K-9 Police Officer Career Profile
Learn About the Salary, Required Skills, & More
K-9 police officers work closely with their dogs to enforce laws and apprehend criminals. With relatively few positions available in the field, an assignment to the canine unit is highly coveted among law enforcement professionals.
K-9 officers can work in local, state, and federal law enforcement, as well as in the military. While many work as police officers, other agencies employing K-9 handlers include the Customs and Border Patrol (CBP), Drug Enforcement Agency (DEA), and Transportation Security Administration (TSA).
Popular breeds for public law enforcement include German Shepherds, Belgian Malinois, Rottweilers, and Doberman Pinschers. Bloodhounds are often used for search and rescue operations and as cadaver-detecting dogs. Beagles are often used for detection of illegal substances and explosives in airport baggage.
K-9 Police Officer Duties & Responsibilities
Duties can vary greatly depending on the specialty of the police department you're in. The job requires the ability to perform the job of a the police officer—but with a trained dog. General duties may include:
- Responding to calls for police, including emergencies
- Patrolling assigned areas with a trained dog
- Issuing citations and making arrests
- Inspecting crime scenes and finding and securing evidence
- Writing and filing reports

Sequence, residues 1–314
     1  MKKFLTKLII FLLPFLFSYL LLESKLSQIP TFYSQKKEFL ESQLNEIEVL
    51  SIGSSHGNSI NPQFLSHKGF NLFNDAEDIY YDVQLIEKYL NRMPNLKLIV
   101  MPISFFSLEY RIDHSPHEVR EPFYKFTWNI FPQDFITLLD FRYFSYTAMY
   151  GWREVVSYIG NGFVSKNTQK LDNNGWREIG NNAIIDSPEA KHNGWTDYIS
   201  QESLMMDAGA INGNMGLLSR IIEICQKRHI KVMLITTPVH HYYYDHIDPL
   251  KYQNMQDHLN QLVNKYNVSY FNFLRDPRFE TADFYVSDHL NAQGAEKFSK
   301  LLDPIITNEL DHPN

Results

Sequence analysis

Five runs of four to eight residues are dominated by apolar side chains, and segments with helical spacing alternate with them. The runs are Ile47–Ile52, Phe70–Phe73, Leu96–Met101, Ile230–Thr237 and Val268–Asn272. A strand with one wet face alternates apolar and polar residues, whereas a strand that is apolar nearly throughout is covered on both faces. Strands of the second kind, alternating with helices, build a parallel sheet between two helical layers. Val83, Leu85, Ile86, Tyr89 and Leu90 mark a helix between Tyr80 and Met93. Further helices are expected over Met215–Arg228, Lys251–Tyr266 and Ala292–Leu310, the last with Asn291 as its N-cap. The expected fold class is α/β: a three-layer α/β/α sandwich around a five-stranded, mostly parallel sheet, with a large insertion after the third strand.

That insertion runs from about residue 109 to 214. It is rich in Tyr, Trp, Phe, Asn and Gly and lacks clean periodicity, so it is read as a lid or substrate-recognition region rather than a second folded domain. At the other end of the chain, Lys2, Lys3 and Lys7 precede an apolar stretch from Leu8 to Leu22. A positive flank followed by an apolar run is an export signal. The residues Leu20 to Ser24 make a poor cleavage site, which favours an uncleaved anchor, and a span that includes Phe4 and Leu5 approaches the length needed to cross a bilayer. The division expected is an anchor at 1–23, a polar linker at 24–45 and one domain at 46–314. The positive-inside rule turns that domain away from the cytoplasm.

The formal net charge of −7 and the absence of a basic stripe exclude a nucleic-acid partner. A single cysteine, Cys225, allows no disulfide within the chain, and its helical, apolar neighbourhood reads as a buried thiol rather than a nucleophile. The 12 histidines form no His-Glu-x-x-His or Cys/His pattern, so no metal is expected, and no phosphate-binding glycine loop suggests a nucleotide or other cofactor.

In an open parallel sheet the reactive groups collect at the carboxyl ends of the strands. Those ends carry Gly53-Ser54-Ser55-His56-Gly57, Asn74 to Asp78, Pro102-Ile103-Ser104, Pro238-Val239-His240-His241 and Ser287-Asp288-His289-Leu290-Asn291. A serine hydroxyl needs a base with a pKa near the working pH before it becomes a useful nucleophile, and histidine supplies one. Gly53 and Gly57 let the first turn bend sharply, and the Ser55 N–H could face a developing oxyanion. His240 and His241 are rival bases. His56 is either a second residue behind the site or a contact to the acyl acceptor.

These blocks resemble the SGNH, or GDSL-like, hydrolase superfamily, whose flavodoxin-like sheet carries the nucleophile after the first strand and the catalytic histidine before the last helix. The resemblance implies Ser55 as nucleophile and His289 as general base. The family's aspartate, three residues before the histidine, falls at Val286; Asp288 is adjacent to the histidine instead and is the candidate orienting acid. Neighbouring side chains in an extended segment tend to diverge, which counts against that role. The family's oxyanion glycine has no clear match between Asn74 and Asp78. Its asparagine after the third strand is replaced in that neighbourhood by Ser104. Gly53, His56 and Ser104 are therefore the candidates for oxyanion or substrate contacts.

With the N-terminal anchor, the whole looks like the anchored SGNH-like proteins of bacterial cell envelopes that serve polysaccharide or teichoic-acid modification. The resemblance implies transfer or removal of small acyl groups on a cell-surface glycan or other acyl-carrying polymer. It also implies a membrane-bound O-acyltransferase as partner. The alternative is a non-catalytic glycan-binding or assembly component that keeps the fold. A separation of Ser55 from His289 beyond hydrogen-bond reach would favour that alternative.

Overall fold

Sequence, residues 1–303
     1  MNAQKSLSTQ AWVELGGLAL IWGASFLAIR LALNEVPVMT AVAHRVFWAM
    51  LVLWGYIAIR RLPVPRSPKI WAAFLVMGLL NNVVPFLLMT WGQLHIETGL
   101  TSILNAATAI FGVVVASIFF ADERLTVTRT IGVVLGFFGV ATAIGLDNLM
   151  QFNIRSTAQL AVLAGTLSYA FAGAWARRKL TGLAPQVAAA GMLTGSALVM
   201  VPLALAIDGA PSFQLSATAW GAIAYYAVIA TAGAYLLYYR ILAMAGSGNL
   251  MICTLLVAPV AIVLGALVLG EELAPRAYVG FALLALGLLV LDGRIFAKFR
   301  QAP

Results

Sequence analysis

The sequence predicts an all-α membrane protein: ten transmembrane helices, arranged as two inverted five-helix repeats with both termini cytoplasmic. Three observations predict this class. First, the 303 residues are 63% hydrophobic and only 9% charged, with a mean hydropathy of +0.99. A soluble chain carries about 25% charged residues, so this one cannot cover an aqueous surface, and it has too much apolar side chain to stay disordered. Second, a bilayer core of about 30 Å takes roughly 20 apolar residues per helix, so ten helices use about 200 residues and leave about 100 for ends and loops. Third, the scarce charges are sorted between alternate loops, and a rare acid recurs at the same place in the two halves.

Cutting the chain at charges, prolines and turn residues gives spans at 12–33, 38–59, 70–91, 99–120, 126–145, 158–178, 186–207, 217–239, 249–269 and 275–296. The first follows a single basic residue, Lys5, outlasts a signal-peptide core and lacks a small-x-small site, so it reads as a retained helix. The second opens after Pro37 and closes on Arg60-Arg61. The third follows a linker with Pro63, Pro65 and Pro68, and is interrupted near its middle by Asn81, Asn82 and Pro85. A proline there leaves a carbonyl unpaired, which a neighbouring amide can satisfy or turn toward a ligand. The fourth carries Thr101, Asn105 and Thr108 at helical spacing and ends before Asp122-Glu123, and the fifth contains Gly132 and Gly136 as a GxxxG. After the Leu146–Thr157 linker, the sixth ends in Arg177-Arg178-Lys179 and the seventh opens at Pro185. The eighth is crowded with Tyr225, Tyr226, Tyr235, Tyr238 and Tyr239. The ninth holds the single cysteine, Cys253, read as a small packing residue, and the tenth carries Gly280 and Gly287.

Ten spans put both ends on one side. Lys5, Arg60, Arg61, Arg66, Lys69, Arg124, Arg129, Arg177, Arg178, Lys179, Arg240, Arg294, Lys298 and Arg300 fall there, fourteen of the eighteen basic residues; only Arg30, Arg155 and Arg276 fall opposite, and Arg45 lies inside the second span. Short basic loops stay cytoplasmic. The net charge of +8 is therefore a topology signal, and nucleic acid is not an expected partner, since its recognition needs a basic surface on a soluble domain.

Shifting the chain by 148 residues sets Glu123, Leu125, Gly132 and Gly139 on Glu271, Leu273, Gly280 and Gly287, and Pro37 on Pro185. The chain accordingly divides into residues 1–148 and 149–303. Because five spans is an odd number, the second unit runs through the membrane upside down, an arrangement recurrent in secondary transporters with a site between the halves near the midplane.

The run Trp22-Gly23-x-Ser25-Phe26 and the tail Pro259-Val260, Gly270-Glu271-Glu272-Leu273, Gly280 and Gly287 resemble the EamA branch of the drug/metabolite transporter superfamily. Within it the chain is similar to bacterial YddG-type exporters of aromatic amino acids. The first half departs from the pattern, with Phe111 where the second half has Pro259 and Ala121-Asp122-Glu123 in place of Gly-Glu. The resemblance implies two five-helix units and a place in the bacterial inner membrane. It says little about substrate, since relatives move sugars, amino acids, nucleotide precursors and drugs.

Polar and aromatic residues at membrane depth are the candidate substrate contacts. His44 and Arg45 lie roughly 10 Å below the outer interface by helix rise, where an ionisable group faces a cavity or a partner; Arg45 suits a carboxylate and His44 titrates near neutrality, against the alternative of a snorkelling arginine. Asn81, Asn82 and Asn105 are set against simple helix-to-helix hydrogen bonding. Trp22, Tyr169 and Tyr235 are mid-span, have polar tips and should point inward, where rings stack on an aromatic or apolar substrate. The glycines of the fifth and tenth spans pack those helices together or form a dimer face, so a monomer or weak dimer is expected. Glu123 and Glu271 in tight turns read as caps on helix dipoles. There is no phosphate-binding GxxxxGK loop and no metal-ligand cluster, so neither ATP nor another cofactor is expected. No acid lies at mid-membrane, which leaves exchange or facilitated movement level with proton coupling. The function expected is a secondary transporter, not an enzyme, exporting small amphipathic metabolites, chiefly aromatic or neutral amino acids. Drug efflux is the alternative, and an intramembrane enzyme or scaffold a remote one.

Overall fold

- Testifying in court as needed
- Training and handling a K-9 dog
A K-9 handler can use their dog to enforce public order while on patrol. A primary role for police dogs is pursuing and apprehending suspects that attempt to escape from officers. Dogs tend to be trained for one specialty skill such as identifying narcotics or smuggled goods, performing search and rescue operations, detecting accelerants at arson scenes, or locating human remains.
The dog is a proven deterrent to criminals who might otherwise try to confront the officer. The handler must be responsible for maintaining complete control of the dog at all times, as this is a source of potential liability.
K-9 Police Officer Salary
While the U.S. Bureau of Labor Statistics (BLS) does not separate out canine officer earnings in its police salary data, it does provide comprehensive information on police officer earnings:
- Median Annual Salary: $63,380
- Top 10% Annual Salary: $106,090
- Bottom 10% Annual Salary: $36,550
Education, Training, & Certification
- Education: To apply for a position as a police officer, a candidate generally must have at least a high school degree or equivalent, but employers often prefer a bachelor's degree in criminal justice.
- Police training: Once accepted for training, they must successfully complete a 12- to 14-week police academy course. A new officer must usually acquire two to three years of basic patrol experience before being eligible to apply for any available openings in the K-9 unit.
- K-9 training: Once an officer is assigned a dog there is an intensive training process where the pair completes agility and obedience work, search training, tracking and scouting exercises, bite work, protection exercises, simulated suspect apprehension scenarios, and tactical deployment exercises. The officer will also complete coursework on canine behavior and first aid techniques.